VW pleads guilty in emissions scheme and will pay $4.3 billion, while prosecutors indict 6 execs.

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Volkswagen to Pay $4.3 Billion to U.S., 6 VW Executives Indicted
VW pleads guilty in emissions scheme and will pay $4.3 billion, while prosecutors indict 6 execs.

— Volkswagen has agreed to plead guilty and pay $4.3 billion in civil and criminal penalties for illegal schemes to manufacturer, advertise, import and sell about 590,000 "clean diesel" vehicles in the U.S.

In addition, U.S. prosecutors have indicted six Volkswagen executives for their roles in the emissions fraud.

By pleading guilty, VW will pay a $2.8 billion criminal penalty and another $1.5 billion penalty to satisfy claims connected to the automaker illegally importing and selling the cars and for claims related to customs fraud.

VW is charged with participating in a conspiracy to defraud the U.S. and VW customers and for violations of the Clean Air Act by lying and misleading the Environmental Protection Agency (EPA) and U.S. customers about the emissions systems. Volkswagen admits it spent years using sophisticated and illegal software to conceal nitrogen oxide emissions that are up to 40 times higher than allowed by law.

VW is also charged with obstruction of justice for destroying documents and with a separate crime of importing the illegal cars into the U.S. by means of false statements about the compliance with emissions limits.

Under the terms of the plea agreement, Volkswagen will be on probation for three years and be under an independent corporate monitor who will oversee the company for at least three years.

In addition to the $4.3 billion in penalties, six Volkswagen executives have been indicted by a federal grand jury, but five of those people are believed to be in Germany. Only one executive, Oliver Schmidt, was arrested as he was visiting the U.S. on January 7.

The remaining five include Heinz-Jakob Neusser, Jens Hadler, Richard Dorenkamp, Bernd Gottweis and Jürgen Peter. All are charged with one count of conspiracy to defraud the U.S. and U.S. customers and for violations of the Clean Air Act.

According to the court documents, VW engineers began in 2006 to design a new diesel engine to meet stricter U.S. emissions standards that would take effect by model year 2007.

This new engine would be advertised to buyers as “clean diesel,” but when the alleged co-conspirators realized they could not design a diesel engine that would meet the stricter nitrogen oxide emissions standards, VW decided to cheat by using special software to fool the emissions test machines.

The indictments claim that in order to sell their “clean diesel” and "environmentally-friendly" vehicles in the U.S., the alleged co-conspirators lied to the EPA and everyone else about the existence of the illegal emissions-altering software.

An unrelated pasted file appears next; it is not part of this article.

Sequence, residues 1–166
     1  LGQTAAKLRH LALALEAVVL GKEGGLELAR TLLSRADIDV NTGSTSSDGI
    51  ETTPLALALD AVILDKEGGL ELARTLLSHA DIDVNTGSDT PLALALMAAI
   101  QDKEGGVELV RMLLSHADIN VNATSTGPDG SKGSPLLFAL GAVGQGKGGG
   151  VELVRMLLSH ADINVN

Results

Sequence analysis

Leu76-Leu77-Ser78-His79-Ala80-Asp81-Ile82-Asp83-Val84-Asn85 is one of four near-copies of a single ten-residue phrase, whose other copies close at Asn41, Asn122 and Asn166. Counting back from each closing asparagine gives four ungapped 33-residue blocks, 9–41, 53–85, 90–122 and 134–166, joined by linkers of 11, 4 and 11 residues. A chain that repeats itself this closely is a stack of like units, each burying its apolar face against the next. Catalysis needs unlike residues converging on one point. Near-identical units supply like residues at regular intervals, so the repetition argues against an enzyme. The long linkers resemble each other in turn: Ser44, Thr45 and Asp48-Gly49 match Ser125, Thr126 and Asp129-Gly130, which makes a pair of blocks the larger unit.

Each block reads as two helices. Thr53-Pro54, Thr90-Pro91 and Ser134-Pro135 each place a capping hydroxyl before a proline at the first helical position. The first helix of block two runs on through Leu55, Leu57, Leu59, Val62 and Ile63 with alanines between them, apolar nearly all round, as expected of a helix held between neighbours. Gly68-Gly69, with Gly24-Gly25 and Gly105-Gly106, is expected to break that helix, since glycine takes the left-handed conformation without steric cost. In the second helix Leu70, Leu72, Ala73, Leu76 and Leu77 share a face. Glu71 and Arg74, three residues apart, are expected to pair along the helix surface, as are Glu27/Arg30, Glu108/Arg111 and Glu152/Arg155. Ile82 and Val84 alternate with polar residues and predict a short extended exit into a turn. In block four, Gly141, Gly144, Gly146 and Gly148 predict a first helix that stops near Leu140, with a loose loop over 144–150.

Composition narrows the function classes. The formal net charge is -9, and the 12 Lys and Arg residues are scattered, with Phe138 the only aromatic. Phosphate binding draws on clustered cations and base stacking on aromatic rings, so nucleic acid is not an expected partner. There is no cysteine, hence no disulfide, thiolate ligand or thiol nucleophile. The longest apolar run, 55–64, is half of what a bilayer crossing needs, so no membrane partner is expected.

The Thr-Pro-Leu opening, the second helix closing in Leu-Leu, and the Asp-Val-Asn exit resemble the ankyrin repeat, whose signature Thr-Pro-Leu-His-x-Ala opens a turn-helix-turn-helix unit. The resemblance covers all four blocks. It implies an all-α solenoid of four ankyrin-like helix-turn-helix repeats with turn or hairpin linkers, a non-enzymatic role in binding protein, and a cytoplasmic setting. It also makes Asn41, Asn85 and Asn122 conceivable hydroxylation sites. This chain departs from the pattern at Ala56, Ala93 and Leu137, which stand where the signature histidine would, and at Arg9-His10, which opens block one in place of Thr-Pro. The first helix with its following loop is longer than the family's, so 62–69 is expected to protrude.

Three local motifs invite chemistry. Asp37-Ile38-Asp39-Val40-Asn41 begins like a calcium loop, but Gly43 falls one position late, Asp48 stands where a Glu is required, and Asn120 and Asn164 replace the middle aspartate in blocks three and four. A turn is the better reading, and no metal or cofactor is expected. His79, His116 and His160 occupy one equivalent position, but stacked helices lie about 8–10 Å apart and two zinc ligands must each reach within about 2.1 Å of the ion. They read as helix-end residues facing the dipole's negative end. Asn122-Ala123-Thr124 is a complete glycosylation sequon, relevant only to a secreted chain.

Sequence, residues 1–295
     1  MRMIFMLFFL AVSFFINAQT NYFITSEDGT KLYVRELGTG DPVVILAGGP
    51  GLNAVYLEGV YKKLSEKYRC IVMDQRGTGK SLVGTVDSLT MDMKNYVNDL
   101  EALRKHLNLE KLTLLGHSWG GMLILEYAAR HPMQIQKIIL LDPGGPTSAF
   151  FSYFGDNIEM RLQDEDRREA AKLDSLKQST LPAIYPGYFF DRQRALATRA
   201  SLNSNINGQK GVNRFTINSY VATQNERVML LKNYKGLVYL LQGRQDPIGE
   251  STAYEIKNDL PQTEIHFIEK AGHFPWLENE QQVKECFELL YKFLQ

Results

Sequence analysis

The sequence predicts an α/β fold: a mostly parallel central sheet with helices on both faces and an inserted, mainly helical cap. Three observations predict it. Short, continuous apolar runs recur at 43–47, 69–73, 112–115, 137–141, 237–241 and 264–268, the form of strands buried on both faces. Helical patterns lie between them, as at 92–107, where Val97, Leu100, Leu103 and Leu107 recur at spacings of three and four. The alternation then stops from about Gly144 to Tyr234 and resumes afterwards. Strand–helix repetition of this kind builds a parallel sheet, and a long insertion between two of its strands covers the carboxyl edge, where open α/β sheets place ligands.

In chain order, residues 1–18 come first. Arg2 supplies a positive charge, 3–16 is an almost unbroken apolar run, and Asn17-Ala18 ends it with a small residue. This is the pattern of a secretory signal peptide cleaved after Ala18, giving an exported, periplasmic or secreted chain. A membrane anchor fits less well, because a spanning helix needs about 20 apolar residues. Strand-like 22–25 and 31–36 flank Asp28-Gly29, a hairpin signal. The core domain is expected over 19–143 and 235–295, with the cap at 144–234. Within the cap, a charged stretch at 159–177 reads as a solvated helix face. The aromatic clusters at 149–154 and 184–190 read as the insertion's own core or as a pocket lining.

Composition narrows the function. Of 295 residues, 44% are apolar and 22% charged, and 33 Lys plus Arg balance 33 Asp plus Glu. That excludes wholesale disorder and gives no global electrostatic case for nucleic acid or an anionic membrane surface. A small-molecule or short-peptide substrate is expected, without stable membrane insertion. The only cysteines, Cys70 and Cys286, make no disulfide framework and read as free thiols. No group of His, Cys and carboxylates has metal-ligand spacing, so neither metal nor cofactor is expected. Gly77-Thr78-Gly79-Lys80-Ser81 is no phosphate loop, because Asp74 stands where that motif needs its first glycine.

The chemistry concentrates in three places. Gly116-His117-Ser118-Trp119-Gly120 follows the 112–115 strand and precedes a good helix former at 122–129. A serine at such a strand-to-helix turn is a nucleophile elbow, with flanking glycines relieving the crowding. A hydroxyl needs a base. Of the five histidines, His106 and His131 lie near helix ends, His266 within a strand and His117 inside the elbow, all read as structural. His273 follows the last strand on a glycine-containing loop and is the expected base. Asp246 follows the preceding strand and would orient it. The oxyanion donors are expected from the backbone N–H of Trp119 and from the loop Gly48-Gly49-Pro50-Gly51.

Prosecutors lay out a detailed case showing the actions of Volkswagen going back to 2006 and how employees concealed the software. For example, in July 2012, VW engineers allegedly met with Mr. Neusser and Mr. Gottweis to explain the defeat devices were believed to be the cause of reported hardware failures.

Gottweis and Neusser each allegedly encouraged further concealment of the software and in 2014, VW 'perfected' the cheating software by starting the vehicle in “street mode,” and when the defeat device realized the vehicle was being tested, the system switched to the “dyno mode.”

Court documents say that to increase the ability of the software to recognize a car was being tested on the dynamometer, VW engineers activated a “steering wheel angle recognition feature."

Volkswagen believed stress on the exhaust system would be reduced because the engine would not be operating for as long in “dyno mode,” so the new function was installed in existing vehicles through software updates.

However, VW told the government and customers the software update was intended to improve the vehicles even though engineers knew the update was used to quickly deactivate emission control systems when the vehicle was not undergoing emissions tests.

The $4.3 billion settlement is in addition to the $14.7 billion Volkswagen is spending to satisfy other environmental claims and to compensate 2-liter owners, more than $1 billion to owners of 3-liter diesel cars and another $2.1 billion to be paid to Canadian owners of VW diesel vehicles.

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